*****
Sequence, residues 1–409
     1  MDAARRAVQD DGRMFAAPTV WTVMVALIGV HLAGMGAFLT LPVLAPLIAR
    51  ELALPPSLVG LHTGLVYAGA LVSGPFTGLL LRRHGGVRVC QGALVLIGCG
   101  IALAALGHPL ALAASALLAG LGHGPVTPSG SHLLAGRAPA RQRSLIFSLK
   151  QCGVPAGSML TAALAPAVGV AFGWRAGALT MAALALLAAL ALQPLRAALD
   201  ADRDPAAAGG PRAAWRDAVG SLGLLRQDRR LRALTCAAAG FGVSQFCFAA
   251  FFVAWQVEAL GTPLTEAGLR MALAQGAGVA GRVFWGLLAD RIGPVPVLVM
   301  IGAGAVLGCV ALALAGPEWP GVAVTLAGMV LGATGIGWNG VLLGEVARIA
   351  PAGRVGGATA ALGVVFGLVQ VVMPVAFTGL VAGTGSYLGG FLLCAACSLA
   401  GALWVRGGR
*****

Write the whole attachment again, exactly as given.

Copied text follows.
Sequence, residues 1–409
     1  MDAARRAVQD DGRMFAAPTV WTVMVALIGV HLAGMGAFLT LPVLAPLIAR
    51  ELALPPSLVG LHTGLVYAGA LVSGPFTGLL LRRHGGVRVC QGALVLIGCG
   101  IALAALGHPL ALAASALLAG LGHGPVTPSG SHLLAGRAPA RQRSLIFSLK
   151  QCGVPAGSML TAALAPAVGV AFGWRAGALT MAALALLAAL ALQPLRAALD
   201  ADRDPAAAGG PRAAWRDAVG SLGLLRQDRR LRALTCAAAG FGVSQFCFAA
   251  FFVAWQVEAL GTPLTEAGLR MALAQGAGVA GRVFWGLLAD RIGPVPVLVM
   301  IGAGAVLGCV ALALAGPEWP GVAVTLAGMV LGATGIGWNG VLLGEVARIA
   351  PAGRVGGATA ALGVVFGLVQ VVMPVAFTGL VAGTGSYLGG FLLCAACSLA
   401  GALWVRGGR